When we generally think of hacking, viruses, or malware, the first thing that comes to mind is computers or laptops; what many people are less aware of is that mobile phones are just as susceptible to such risks and are not immune to them at all. To date, there have been over 16 million recorded mobile security incidents. There are many ways in which your mobile device can be compromised, some of which include:
- Fake, malicious, or insecure apps – Many apps ask for permissions before or after installation, and as regular mobile users our first instinct is to agree to terms and conditions in order to gain access to the app’s functionality, without fully scrutinizing all the permissions. When these apps have access to so much, it is quite probable that at least one of them may be malicious or compromised, resulting in that access falling into the wrong hands. Mobile malware can steal your data such as credit card details and credentials, track your location, monitor your calls and emails, make absurd charges, send messages on your behalf, steal contacts, and even download additional fake apps. Some apps may turn out to be ransomware, holding your data hostage unless you pay a hefty amount of money to get it back. It is highly recommended to install apps only from trusted sources, read through the permissions requested and only give access when necessary, especially when it comes to free or advertising-supported apps.
- People can sniff out your passwords, credit card information and more, no joke. Sniffing refers to capturing data that has been transmitted over a network from one device to another. This is carried out by using specific software or hardware tools that are able to “sniff” out the data that flows through a network. Depending on the apps that you use, the messages you send may be revealed by any sniffer close to you, especially if you are on the same network. In order to keep data confidential over the internet, the app must encrypt all sensitive data before sending it over a network. You can make sure that you are on a private network to reduce this risk. Public WiFi maybe a simple solution to reduce data usage, but it puts you at more risk as you are sharing the same network with a large number of strangers.
- Free public wifi is AWESOME! But there’s a price to it. There is an additional danger when it comes to the use of public WiFi networks: Fake networks. While most public networks are legitimate but not secure, there can be many fake networks as well. Hackers may set up fake networks in public places such as coffee shops and malls in order to give people access to “Free WiFi”, which may require making an account by filling out an online form. This allows the attacker to gain email addresses and passwords, as well as monitor your internet usage. Since most users use the same password and email ID for most of their online account registrations, the hacker can gain access to other platforms. Users should always create unique passwords on different platforms to reduce the risk of their accounts being hacked.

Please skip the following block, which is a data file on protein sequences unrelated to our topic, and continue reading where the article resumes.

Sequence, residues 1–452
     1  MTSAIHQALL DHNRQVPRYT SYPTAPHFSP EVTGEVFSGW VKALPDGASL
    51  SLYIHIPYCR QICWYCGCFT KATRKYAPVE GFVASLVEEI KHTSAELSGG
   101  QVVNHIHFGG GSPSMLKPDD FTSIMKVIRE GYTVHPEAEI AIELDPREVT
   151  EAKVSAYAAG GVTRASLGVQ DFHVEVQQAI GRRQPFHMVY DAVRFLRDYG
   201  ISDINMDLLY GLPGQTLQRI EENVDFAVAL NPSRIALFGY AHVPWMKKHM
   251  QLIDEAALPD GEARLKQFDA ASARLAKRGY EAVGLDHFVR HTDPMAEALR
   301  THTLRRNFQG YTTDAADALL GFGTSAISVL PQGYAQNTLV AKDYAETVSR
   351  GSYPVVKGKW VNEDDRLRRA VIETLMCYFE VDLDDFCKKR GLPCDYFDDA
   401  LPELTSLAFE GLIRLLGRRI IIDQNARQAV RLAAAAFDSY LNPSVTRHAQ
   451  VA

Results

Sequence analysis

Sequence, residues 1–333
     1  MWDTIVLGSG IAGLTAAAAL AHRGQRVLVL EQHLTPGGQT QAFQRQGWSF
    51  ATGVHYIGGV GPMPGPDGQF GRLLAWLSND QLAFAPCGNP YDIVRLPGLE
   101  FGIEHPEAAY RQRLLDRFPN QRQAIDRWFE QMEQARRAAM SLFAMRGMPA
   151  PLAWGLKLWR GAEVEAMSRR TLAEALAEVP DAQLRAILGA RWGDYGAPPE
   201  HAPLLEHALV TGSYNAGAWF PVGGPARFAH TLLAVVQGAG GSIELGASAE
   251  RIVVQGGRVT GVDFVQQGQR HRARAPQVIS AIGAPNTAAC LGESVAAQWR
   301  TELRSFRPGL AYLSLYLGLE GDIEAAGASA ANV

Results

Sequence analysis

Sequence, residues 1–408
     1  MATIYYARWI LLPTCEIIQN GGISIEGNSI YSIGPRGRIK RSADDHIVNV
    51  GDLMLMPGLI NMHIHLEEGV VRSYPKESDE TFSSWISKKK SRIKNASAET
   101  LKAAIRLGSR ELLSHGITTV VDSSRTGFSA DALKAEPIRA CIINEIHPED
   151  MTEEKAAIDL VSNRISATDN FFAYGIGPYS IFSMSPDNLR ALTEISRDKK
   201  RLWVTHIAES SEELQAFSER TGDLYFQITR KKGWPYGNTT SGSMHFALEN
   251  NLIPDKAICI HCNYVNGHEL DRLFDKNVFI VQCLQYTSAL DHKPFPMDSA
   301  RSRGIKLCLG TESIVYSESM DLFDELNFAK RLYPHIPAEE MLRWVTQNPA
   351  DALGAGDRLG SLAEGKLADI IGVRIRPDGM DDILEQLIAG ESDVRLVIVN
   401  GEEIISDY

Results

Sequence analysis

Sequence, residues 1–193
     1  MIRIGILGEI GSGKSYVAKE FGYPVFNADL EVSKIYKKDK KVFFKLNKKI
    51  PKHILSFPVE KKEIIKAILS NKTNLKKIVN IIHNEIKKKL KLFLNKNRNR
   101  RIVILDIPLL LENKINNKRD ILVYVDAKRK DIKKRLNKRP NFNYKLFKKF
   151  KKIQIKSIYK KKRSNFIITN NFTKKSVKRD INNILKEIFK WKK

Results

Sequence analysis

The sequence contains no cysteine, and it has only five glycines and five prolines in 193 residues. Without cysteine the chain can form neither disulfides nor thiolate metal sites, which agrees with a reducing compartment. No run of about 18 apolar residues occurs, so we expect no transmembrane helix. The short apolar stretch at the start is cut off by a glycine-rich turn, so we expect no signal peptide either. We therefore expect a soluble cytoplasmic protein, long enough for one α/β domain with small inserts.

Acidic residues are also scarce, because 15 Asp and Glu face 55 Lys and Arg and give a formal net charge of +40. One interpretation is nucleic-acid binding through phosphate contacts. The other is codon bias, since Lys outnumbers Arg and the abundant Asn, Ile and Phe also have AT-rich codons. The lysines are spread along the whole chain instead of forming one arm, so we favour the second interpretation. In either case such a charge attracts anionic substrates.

- Click here to win one million dollars! We know, you find those absolutely annoying, we do too. But click baits & gift scams can be quite dangerous when one is not careful enough. Quick circulation and free spread is what makes ad/click bait and gift scams so common on social networking platforms and apps. These types of scams will send you to fake websites that may offer you fake promotions, download malicious apps onto your mobile device, and take complete control over it. It is very important for individuals to carefully analyze what may be fake and what may be legitimate in terms of ads, promotions and even headlines in order to avoid any harm. Users should be aware of such scams/ads and make sure to never visit suspicious links.
- Android or iOS? It doesn’t matter, you’re still vulnerable. Cybercriminals are constantly finding new ways to compromise mobile devices, and one of the ways involves finding security weaknesses within operating systems such as Android and iOS, which can then be used to gain control of these devices. Companies that develop these operating systems are always on the lookout for these weaknesses so that they can be fixed. Updates to your phone’s OS are continuously released in order to prevent attackers from abusing these weaknesses. In order to keep your phone secure, make sure your phone’s software is up to date.
- Constant Vigilance. Loss or misuse of user data is an important issue when it comes to mobile security threats. Once a hacker gets in control, the situation can easily escalate from there and end up in identity theft or exposure of confidential data. As our reliance on our mobile devices increases, users are advised to stay cautious and alert in cases of mobile security.
So now that you’re aware of those threats, do you think your smartphone is still secure? Even if developers create the safest device for you, hackers and cybercriminals will still find a way through, so it’s always important to take caution and be aware of what you install on your devices.